• 1994 During this period, advances in electron accelerator design were guiding the choices for the future ELYSE facility. The planned installation, very compact, is centered on a 9 MeV linear accelerator of electrons, generated by excitation of a photocathode using a picosecond laser. It was designed from the CANDELA prototype by the Laboratoire de l’Accélérateur Linéaire d’Orsay directed by T. GARVEY. The laser installation would also serve as a probe for the synchronous detection of intermediates, and also as an independent assembly accessible for studies of pulse photophysics or photochemistry.

  • 1997 Visit of J. BELLONI and M. GAILLARD to the Brookhaven National Laboratory where a laser pulse electron accelerator was just installed by J. WISHART. Visit also to the Northrop-Grumman facility in Princeton.

  • 1998

    At the same time, the Chemistry Departments of the MENRT (DSPT2) and the CNRS were preparing the Laboratory of Physical Chemistry of Radiation merging with the Laboratory of Theoretical Chemistry and the Laboratory of Physical Chemistry of Amorphous Materials into the Physical Chemistry Laboratory at Orsay under the direction of Professor Alain FUCHS.  All the institutions accepted the ELYSE Project. The multidisciplinary scientific projects in chemistry, physics, and biochemistry under radiation were updated. The detailed design studies and the realization of the laser-triggered electron accelerator and the photocathode were immediately initiated at the Laboratoire de l’Accélérateur Linéaire d’Orsay by the team of its SERA department under the responsibility of Jean-Claude BOURDON. The choice was to use a semiconductor (Cs2Te) photocathode, which is much more efficient than a metal one but requires in situ vacuum preparation.

    The studies for the building’s construction are also launched by the project manager SBAIF, assistant to the project owner (the UPS).

    Simultaneously, the first stage concerning the laser chain is immediately completed and installed in a room of the Molecular Photophysics Laboratory, where the experiments begin while waiting for the move to the future building. Its delivery, after renovation-extension, is scheduled for the end of 2000. All the actualized scientific projects were presented during the ELYSE Workshop on December 3-4, 1998 in Orsay. It was organized by the Scientific Committee chaired by J. BELLONI, and brought together about a hundred participants, including some foreign colleagues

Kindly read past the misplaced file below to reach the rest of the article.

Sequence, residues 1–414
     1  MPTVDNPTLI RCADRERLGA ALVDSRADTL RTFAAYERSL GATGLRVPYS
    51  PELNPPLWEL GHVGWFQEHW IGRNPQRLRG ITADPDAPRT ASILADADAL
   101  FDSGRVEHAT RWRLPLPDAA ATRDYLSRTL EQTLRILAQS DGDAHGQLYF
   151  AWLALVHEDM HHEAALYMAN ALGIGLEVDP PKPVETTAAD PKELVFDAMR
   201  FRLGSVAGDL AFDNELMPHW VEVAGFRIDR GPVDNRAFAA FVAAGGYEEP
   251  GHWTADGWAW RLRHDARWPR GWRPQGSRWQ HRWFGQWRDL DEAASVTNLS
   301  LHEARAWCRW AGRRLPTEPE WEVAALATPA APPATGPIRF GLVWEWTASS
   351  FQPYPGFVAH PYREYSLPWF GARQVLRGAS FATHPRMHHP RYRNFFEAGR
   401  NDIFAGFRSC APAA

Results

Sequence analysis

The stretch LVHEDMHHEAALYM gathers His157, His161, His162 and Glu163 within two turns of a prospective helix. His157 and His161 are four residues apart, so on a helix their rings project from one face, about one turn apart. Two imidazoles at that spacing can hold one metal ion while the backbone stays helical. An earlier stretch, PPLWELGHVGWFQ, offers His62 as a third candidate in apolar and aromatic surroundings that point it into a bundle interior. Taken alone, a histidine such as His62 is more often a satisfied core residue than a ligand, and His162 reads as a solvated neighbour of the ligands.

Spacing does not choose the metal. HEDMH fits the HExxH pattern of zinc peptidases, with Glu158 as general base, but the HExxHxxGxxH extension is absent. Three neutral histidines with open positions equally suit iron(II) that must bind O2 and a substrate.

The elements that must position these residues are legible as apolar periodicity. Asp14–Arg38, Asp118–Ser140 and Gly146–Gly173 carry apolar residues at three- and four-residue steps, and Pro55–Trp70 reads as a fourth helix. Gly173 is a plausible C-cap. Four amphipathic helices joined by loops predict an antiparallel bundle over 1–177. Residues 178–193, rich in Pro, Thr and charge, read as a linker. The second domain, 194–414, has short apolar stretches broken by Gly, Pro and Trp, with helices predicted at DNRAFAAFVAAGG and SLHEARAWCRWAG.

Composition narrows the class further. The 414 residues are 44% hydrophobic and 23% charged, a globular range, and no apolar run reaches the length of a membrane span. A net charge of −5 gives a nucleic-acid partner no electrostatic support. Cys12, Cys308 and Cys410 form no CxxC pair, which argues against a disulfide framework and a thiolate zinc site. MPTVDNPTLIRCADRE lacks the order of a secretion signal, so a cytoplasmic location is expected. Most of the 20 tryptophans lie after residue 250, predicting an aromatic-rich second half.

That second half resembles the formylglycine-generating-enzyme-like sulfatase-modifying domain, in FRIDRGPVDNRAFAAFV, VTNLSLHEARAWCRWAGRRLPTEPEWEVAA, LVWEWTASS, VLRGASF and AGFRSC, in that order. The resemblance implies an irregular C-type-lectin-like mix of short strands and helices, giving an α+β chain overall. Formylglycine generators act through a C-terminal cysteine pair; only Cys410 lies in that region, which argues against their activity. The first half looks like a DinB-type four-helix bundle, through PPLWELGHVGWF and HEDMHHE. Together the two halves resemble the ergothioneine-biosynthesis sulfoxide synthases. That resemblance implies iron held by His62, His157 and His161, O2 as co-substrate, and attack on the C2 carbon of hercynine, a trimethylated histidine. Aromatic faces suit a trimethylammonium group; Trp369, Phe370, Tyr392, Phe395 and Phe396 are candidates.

• 2000 The Physical Chemistry Laboratory, which brought together all the physical chemists of the Orsay Campus, including ELYSE, is officially created under the direction of Professor Alain FUCHS. The electron accelerator coming from the LAL and the laser chain coming from the LPPM were installed in the new building 349 in April. The first picosecond pulse was obtained in March 2001.

  • 2001 Inauguration of the ELYSE facility and building 349 by Xavier CHAPUISAT, President of the University of Paris-Sud, Geneviève BERGER, Director of the CNRS, Jean-Claude BERNIER, Director of the CNRS Chemistry Department, Jean-Paul HUCHON, President of the Ile-de-France Regional Council, and Richard MESSINA, Vice-President of the Essonne General Council.

  • 2002 Ultra-fast synchronous detections were installed in the experimental areas by researchers and engineers of the Physical Chemistry Laboratory under the direction of Jean-Louis MARIGNIER and M. MOSTAFAVI.